Applying for a position on the Das Sporking team was nerve-wracking. I read Mervin’s instructions for application more times than I could count, worried I’d forgotten or missed something. I spent hours trying to fine-tune my entry sporkings—riffs on the first couple of chapters of a young adult novel entitled Shade. I wrestled back and forth, fretting over how I would feel if I got rejected and wondering what would happen if I were accepted. At length, I finally convinced myself there was nothing more to do and I had followed all the instructions to the letter (one instruction, hidden in the list of rules, requested that anyone applying to become a sporker use the phrase “Cram it with walnuts, ugly!” so Mervin knew we’d read all her rules). I took one last look over my submission chapters and my application note, said a prayer, and sent Mervin the message.
Mervin, being busy, does not respond immediately to most messages. I waited with nail-biting tension for almost two weeks, hoping fervently I’d be accepted. I checked and double-checked her sporker sign-ups page, verifying that she would indeed send me a message regardless of whether or not I was accepted. At last, I logged on to Livejournal and saw I had one message. Nervously, I clicked on it, but switched tabs before I could read it—I wasn’t sure if I wanted an answer yet or not. I dithered around for a few minutes, trying to delay the inevitable. Eventually, I took a breath and made myself read Mervin’s message. And then I squealed like a little girl, because I’d been accepted and was now a part of the Das Sporking team. Now it was time to make a name for myself.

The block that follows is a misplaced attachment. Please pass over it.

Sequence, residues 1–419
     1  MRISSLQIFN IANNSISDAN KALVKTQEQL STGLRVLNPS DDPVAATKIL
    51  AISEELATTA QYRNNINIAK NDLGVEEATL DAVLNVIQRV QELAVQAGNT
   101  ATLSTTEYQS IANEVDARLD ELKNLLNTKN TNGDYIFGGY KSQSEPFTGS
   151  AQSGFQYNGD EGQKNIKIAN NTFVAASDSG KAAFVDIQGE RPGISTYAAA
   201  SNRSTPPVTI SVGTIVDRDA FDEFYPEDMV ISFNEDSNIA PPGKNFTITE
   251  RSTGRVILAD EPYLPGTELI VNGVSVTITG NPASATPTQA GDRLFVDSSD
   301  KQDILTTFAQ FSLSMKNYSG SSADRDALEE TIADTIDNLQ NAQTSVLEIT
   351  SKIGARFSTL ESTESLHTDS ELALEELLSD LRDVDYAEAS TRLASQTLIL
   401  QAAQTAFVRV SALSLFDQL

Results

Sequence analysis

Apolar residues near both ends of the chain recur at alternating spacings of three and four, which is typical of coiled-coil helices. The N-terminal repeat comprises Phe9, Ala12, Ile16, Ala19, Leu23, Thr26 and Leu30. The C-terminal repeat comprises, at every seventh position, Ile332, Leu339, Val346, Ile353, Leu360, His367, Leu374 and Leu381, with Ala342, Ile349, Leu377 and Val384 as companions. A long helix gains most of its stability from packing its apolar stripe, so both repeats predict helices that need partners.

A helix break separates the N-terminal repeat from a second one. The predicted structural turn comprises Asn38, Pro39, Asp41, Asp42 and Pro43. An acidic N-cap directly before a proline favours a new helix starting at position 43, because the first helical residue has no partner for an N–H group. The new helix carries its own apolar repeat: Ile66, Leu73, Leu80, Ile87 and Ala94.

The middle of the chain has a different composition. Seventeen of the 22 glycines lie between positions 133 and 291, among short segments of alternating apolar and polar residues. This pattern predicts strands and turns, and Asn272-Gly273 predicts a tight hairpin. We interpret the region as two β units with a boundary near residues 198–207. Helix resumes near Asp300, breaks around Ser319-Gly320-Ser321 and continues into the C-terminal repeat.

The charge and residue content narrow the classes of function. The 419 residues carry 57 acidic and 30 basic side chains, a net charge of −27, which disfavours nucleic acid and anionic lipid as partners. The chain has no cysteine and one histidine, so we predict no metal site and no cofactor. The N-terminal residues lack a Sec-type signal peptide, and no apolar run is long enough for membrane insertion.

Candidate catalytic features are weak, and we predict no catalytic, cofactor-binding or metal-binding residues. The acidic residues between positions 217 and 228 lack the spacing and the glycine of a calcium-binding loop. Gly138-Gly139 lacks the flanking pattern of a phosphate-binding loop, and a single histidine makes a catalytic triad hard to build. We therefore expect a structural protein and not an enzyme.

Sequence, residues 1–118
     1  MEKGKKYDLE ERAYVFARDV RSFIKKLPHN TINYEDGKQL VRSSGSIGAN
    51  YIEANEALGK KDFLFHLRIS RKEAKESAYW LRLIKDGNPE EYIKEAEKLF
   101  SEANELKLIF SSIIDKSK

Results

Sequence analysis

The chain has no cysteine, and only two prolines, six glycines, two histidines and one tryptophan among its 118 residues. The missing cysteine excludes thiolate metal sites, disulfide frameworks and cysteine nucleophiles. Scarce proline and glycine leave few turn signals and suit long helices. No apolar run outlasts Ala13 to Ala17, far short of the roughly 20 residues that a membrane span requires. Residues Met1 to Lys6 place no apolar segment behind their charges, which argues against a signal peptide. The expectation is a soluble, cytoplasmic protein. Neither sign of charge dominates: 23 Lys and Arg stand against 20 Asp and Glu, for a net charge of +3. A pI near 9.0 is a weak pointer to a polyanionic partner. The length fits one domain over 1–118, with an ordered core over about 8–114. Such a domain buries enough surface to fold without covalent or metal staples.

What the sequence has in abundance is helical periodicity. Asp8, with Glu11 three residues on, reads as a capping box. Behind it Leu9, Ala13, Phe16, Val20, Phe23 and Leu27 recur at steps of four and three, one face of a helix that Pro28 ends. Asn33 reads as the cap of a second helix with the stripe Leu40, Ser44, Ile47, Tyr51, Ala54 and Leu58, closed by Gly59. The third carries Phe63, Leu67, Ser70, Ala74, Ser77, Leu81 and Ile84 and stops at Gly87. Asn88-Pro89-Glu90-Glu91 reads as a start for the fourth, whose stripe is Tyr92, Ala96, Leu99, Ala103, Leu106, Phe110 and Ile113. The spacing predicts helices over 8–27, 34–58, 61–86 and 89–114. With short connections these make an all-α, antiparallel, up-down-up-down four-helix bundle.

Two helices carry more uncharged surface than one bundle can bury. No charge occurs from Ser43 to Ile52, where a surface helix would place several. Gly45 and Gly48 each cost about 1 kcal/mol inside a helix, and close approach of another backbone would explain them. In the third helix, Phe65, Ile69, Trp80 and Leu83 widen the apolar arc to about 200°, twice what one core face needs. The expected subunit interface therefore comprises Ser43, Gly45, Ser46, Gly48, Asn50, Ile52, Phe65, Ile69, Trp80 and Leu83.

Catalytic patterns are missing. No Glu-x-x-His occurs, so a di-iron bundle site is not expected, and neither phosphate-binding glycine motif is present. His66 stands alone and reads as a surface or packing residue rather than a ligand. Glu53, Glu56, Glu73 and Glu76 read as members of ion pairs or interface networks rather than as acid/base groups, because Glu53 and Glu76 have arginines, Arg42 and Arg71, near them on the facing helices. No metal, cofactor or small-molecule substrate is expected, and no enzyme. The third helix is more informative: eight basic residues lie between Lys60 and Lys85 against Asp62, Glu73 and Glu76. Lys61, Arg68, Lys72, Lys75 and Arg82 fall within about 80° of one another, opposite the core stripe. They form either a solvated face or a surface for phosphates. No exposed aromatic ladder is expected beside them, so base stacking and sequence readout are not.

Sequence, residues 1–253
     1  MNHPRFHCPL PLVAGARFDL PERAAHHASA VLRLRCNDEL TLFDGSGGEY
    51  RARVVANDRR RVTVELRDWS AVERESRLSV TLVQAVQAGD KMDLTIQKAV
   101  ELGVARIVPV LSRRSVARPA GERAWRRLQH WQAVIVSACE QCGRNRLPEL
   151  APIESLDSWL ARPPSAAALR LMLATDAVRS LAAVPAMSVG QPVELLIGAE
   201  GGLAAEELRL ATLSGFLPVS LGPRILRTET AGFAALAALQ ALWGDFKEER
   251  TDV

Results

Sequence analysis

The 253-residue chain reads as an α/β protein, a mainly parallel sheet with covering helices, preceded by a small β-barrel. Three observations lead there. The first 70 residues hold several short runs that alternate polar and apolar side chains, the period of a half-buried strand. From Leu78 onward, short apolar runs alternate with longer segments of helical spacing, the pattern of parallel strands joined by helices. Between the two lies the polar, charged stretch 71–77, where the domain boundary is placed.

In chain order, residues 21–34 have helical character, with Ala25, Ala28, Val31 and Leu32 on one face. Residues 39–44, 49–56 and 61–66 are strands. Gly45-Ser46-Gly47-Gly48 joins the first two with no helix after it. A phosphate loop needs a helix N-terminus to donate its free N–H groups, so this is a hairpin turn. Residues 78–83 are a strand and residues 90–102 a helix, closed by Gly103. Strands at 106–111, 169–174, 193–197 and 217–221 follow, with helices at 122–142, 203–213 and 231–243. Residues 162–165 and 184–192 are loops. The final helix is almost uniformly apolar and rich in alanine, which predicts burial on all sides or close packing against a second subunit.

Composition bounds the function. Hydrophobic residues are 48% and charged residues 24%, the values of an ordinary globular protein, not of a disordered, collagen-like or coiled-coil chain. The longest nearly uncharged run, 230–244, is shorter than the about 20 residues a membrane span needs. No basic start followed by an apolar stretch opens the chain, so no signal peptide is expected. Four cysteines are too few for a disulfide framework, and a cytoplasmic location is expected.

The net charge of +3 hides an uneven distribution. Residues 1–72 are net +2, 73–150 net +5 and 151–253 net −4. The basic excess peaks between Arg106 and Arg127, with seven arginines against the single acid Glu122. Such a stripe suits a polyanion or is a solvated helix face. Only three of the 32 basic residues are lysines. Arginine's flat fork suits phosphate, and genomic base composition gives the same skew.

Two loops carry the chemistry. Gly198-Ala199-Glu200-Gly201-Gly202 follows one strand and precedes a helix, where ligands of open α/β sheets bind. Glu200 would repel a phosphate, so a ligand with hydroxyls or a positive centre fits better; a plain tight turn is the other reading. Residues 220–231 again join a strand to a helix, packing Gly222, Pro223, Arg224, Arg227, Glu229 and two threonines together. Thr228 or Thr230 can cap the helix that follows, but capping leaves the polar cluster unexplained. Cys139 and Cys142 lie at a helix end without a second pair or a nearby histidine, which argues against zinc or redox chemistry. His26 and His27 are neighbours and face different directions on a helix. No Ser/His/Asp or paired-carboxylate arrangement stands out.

All sporkers develop a unique brand of humor. It’s a good trait for writers to have—picking up bits and pieces of styles you like and stitching it all together into the patchwork quilt of your own voice. There’s really no way to learn how to spork other than reading them and deciding what you like and what you don’t. Whether it’s adopting a running joke that works well or a bouncy, conversational style of writing, every sporker has a trademark that makes them pretty easy to identify. Mervin, for example, is famous for losing her temper and going all-out caps-lock rage on writers. Ket Makura, another prominent Das Sporking member, often “explodes” as a way of expressing her fury.